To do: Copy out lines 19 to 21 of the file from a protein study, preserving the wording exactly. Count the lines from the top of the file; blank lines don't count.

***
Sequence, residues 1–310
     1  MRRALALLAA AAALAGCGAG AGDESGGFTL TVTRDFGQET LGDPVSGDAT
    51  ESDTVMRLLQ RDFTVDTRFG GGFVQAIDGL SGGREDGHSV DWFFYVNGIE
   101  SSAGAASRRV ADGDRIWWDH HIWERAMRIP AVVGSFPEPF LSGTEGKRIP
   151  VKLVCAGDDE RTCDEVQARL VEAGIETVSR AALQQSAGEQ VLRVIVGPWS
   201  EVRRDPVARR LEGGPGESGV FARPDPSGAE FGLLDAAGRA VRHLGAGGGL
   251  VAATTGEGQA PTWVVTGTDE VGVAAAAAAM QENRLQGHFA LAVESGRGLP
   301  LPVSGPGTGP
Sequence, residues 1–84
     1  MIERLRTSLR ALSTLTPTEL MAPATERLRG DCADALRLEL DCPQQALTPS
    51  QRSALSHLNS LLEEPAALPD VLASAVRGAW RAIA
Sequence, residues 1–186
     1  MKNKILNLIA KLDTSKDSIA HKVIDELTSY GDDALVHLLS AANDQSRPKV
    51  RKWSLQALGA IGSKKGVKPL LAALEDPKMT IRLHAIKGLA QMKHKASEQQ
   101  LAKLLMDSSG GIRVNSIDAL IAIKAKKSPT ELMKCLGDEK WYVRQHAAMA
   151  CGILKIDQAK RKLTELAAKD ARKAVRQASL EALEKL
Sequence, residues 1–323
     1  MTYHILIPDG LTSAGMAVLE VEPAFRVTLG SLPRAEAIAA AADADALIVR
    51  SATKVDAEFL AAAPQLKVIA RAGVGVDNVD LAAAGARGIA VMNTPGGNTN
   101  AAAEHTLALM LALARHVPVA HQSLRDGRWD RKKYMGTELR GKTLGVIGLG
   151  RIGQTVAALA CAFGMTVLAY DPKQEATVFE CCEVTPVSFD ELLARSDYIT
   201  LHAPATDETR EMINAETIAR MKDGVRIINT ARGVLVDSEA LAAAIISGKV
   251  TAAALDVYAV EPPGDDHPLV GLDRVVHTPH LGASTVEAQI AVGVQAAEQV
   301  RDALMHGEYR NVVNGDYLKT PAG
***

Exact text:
    51  SATKVDAEFL AAAPQLKVIA RAGVGVDNVD LAAAGARGIA VMNTPGGNTN
   101  AAAEHTLALM LALARHVPVA HQSLRDGRWD RKKYMGTELR GKTLGVIGLG
   151  RIGQTVAALA CAFGMTVLAY DPKQEATVFE CCEVTPVSFD ELLARSDYIT